"The main task of the Black press...was to tell the truth about race relations in America...Black journalists should point out injustices in the administration of law and publicize the lack of equality of opportunities"(Suggs, 1987). The Indianapolis Recorder has never reached the status of the Afro-American. Its accolades and achivements are not as extensive nor have they particpated in highly publicized crusades or launched nationwide community campaigns in poor, underserved areas. The paper is highly respected, however, and has been "known...for its devotion to covering the news of the Indiana metropolis..."(Wolsely, 1971). This informative zeal has not been lost as the paper made the transition from print media to online publication.
The online publication of the Indianapolis Recorder looks just like the print version. Upon first observation, the word "shovelware" immediately comes to mind. The main page perfectly resembles the front page of the paper. The name has not even been changed to exhibit its difference from the print paper. The purpose of this site, however, is to inform the Black community of metropolitan Indianapolis of local news. There is really no need to impress anyone with changes in an online version.
The content is no different from what you would find in a weekly copy of the Recorder. The main page directs you to different pages of the site just as the table of contents does on the front page of the newspaper. This appears to be both an asset and a liability for this website. If I can locate this same information in the same format in a print version of the Recorder, why would I bother to look at the online version? There is nothing new or exciting offered. On the other hand, the content of the site is new for those unable to obtain copies of the paper. It is really not trying to capture the attention of readers outside of the city limits. Granted, information concerning the TV Guide listings or Lottery results for that area are not important to the everyday user. But who can't use contemporary recipes of Southern favorites, a dose of spiritual guidance or a glance at Black History Month every day? In essence, this site is seeking to reach mainly those interested in the news the print version of the Recorder offers, but it has some content that can also interest any person outside of the city who wants information on Blacks in Indianapolis.
As previously stated, the online Recorder is designed to perfectly resemble the print version. This leaves people familiar with the paper to either feel comformtable with the site or disgusted at the lack of originality. The use of bright African colors is a plus. The red (symbolizing the blood of the people), the black (symbolizing the beauty of the Black people) and the green (symbolizing mother Africa and past days of lush flora), as well as horizontal bars with a kente patterns, exhibit its pride in African-American ancestry as news is provided for its people. Space is used somewhat more effectively than in Afro-Americ@. This allows for ease in navigation. There are not a lot of options once you click on a section. Information is provided as requested.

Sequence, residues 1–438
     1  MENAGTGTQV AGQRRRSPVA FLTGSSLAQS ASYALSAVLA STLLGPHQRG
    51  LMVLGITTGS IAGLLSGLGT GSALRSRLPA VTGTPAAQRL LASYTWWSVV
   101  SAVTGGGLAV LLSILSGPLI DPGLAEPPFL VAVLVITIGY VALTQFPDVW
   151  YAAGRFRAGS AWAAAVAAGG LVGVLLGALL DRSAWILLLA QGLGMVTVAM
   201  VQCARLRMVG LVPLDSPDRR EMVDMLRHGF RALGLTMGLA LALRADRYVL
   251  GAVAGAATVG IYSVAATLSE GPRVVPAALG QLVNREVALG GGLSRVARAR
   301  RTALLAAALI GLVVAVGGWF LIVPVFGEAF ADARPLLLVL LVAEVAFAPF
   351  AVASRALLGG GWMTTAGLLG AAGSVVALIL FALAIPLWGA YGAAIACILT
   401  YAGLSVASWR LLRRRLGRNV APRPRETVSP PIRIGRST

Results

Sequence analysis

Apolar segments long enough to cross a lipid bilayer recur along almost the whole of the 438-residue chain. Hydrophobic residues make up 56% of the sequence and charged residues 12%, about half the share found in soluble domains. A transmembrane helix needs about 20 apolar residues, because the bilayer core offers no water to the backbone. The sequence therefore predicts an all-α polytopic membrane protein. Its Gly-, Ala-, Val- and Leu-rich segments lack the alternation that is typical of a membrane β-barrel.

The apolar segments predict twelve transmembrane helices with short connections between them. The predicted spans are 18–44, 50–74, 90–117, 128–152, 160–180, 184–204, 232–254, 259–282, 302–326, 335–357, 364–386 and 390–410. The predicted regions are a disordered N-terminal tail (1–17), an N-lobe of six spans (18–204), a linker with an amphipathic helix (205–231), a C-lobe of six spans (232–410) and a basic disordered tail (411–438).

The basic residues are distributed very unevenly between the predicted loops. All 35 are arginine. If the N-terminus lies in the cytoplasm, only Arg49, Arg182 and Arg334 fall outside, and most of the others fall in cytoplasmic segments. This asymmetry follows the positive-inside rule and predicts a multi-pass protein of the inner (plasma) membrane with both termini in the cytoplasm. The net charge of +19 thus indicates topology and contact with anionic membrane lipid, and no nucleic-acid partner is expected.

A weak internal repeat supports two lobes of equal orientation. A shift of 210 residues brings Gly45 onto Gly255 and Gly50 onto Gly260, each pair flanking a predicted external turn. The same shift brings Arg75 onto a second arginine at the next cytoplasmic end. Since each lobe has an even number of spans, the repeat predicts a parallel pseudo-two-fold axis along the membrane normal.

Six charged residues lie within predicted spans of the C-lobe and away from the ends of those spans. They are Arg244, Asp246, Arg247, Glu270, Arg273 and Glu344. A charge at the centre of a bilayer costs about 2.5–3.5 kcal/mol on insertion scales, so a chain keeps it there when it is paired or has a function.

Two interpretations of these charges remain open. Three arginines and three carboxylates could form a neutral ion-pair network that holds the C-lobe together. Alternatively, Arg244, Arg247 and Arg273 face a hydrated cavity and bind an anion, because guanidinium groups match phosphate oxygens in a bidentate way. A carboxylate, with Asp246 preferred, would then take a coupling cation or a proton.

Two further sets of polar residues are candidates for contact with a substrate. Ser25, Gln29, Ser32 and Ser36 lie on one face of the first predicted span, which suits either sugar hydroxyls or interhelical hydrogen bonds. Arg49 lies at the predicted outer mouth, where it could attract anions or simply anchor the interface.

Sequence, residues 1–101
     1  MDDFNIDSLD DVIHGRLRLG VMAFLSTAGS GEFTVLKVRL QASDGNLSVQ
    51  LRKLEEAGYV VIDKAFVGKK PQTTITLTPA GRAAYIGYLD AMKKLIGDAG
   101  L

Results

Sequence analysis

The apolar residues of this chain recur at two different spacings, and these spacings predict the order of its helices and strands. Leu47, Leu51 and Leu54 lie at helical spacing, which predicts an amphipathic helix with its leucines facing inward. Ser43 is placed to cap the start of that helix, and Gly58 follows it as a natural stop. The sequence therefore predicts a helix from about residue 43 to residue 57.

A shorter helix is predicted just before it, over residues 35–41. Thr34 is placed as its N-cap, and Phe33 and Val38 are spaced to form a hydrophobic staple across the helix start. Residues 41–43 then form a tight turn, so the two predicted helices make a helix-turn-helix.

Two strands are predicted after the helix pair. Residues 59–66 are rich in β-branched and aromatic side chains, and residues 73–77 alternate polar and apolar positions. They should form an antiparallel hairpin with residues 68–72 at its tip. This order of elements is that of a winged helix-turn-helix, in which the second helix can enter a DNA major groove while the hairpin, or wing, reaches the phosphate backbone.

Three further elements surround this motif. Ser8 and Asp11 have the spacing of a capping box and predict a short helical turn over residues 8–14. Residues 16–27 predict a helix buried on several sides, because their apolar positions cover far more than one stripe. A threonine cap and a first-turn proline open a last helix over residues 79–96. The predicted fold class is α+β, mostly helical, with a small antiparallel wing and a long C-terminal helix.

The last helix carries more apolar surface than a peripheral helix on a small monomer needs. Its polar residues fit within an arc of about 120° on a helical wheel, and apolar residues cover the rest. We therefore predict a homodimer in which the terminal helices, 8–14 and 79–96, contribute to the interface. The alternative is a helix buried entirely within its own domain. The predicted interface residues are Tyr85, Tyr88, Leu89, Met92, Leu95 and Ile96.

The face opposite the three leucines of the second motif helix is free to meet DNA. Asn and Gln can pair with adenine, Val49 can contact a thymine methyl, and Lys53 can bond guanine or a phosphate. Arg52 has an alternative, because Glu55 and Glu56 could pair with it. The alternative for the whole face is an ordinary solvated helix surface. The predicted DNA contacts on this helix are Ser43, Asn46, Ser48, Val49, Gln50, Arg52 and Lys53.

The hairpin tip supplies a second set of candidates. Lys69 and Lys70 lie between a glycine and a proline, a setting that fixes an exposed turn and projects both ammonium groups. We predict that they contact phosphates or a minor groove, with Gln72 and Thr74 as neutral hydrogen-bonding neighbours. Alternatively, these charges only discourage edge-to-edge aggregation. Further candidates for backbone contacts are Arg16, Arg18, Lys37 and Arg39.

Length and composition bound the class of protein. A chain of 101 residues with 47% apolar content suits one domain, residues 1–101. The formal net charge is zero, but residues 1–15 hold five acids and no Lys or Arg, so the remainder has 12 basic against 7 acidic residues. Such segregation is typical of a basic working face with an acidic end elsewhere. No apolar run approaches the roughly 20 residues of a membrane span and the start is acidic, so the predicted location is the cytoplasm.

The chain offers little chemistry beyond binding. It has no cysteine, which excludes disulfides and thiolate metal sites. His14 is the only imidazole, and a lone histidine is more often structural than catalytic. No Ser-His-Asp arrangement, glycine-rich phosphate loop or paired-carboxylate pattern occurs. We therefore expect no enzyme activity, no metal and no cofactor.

In terms of customizability, this website is totally incapable of performing this function. One can also register with the paper to receive e-mail messages about changes in the paper, but news is not included in this information. It seems sensible, though. The news in the online Recorder is already generalized and localized for the city's Black residents; therefore, there's no reason to modify the information any further. The level of interactivity is limited to a link to the Webmaster. Unlike Afro-Americ@ top-level executives can not be reached for comment. It is my belief that the online Recorder does not take full advantage of its medium. Either way, it is nice to see an original member of the black press in its 104th year of publication.
Advertising for the online Recorder is almost non-existent. There are no actual companies vying for the reader's attention. There isn't even an e-mail link to someone in charge of advertising. In actuality, ads are confined to organizations that provide the online paper with services, such as ListBot and IndyNet. For this reason, they seem to be more like plugs. The online Recorder is not trying to capture any consumer, whether Black or not.